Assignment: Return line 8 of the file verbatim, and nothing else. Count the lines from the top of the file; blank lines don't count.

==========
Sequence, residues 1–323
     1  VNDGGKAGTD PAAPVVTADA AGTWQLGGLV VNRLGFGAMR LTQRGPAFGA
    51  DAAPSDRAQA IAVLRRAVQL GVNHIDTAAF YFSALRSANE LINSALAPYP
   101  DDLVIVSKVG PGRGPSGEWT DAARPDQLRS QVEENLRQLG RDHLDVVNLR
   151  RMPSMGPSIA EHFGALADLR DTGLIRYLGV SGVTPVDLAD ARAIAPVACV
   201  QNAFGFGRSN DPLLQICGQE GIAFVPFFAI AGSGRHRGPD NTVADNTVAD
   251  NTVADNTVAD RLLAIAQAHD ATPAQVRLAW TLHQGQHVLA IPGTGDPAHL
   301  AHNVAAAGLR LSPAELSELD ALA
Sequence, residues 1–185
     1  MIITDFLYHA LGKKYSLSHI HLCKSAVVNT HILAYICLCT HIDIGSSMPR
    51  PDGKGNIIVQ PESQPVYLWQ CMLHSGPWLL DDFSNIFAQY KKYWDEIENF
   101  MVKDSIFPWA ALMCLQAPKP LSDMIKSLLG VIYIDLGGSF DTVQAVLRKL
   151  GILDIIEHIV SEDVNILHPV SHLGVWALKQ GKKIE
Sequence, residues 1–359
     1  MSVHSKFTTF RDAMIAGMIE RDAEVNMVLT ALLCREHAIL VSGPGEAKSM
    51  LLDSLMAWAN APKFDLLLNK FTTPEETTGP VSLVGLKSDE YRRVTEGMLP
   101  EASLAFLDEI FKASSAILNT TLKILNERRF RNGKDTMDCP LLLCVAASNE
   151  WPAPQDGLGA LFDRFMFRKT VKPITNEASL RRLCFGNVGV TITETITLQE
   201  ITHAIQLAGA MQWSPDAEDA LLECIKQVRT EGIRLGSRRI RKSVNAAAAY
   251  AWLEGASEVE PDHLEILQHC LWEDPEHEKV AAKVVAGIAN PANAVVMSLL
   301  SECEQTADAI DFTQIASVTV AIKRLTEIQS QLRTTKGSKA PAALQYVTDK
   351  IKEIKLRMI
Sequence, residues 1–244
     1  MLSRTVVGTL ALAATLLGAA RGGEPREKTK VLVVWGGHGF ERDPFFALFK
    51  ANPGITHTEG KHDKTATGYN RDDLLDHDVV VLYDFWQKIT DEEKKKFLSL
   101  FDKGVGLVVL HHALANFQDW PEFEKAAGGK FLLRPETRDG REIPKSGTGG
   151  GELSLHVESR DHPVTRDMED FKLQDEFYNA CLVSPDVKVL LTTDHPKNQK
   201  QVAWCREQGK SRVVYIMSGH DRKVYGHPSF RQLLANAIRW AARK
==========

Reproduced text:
   301  AHNVAAAGLR LSPAELSELD ALA